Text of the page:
Leadership and Imposter Syndrome – AGL in the Telegraph Business Club, Part 2

Many leaders suffer from a lack of confidence and the psychological phenomenon known as imposter syndrome. They can feel inadequate and undeserving of the role they have secured despite their obvious skills, experience and achievements.

“This is understandable because there is no such thing as a smooth leadership transition,” says Mr Leatherdale. “Someone might be inheriting a brand-new team or project, being asked to take their organisation in a different strategic direction, or they are taking over from a former leader who was incredibly popular. There are always challenges.”

The company also has a programme designed specifically to support current and future women leaders. There is underrepresentation of women in senior leadership roles, due in part to the structural and cultural challenges they may face. AGL helps women, including those returning to a senior role after a break, improve their confidence, develop their career strategies and hone their skills. AGL also works with organisations to adapt their internal culture so that talented mid-career women feel recognised and supported and are retained.

Wherever they work and whatever career stage clients are at, AGL’s coaches support them to connect with themselves in many ways.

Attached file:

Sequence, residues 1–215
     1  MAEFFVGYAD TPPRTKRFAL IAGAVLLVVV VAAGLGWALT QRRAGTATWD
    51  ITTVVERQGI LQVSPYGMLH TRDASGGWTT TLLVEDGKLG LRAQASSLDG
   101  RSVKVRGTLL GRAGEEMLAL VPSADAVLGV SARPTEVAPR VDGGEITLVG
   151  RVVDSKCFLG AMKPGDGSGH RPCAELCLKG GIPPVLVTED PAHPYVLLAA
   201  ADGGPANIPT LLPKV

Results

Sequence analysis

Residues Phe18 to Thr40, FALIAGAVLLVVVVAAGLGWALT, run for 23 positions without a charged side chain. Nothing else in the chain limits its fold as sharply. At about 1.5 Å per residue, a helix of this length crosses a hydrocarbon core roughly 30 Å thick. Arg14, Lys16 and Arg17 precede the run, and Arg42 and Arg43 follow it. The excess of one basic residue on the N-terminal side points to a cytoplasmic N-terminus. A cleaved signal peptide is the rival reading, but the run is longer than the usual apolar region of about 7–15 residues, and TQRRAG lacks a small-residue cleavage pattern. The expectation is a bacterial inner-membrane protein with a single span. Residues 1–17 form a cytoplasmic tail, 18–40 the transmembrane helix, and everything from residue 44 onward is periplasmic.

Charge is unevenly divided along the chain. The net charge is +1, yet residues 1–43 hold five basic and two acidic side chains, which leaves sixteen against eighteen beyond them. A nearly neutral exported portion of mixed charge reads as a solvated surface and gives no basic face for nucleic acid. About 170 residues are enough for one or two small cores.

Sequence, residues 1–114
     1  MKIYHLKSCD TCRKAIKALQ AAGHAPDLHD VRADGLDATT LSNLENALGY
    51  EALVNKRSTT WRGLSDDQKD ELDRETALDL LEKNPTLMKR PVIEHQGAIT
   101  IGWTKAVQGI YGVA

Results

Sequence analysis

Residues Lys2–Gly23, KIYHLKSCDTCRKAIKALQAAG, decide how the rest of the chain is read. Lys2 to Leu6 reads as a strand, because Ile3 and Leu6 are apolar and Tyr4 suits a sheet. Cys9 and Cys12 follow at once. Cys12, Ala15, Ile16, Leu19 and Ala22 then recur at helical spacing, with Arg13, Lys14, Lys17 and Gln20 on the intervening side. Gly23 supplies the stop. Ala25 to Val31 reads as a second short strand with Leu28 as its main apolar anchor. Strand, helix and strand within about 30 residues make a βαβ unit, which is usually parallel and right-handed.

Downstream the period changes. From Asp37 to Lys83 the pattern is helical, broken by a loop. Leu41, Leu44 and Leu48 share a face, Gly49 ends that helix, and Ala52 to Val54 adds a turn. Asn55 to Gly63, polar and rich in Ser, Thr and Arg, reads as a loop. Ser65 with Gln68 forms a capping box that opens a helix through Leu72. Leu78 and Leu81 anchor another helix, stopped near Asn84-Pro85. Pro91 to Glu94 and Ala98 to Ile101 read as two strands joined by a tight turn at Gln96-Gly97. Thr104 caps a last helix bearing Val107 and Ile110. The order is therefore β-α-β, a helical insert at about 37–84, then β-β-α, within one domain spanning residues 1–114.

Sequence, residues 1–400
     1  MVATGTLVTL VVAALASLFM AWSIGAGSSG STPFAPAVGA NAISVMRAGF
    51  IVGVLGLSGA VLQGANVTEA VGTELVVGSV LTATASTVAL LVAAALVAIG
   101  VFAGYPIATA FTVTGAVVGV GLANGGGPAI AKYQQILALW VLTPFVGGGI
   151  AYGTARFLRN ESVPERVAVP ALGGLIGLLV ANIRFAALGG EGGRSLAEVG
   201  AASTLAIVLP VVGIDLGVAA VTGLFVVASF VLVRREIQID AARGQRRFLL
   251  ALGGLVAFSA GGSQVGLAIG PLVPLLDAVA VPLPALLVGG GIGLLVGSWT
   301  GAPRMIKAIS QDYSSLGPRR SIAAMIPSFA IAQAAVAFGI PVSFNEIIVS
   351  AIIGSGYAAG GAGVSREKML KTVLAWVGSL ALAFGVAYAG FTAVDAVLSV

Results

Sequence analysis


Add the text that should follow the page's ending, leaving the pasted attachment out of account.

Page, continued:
They show them how to calm their nerves by improving their breathing, for example. Leaders also learn how to vary their tone of voice and speech patterns to engage an audience. They are also made aware of their physicality and posture, which can easily convey the wrong message during a presentation or media interview.

We coach leaders to be more confident and not to be afraid to be real, human and striking

“Many leaders have not thought closely enough about who they are, what they want to achieve and the impact they want to have. They have not worked out what their narrative is,” says Mr Leatherdale. “They need support to really connect with others and convey the real meaning of what they are saying.”

He adds: “Ultimately, we all need to be clear about what we stand for and care about personally and give ourselves the permission to be authentic and to listen. To get things done in any organisation you must be able to take people with you.”

See more at the Telegraph Business Club here.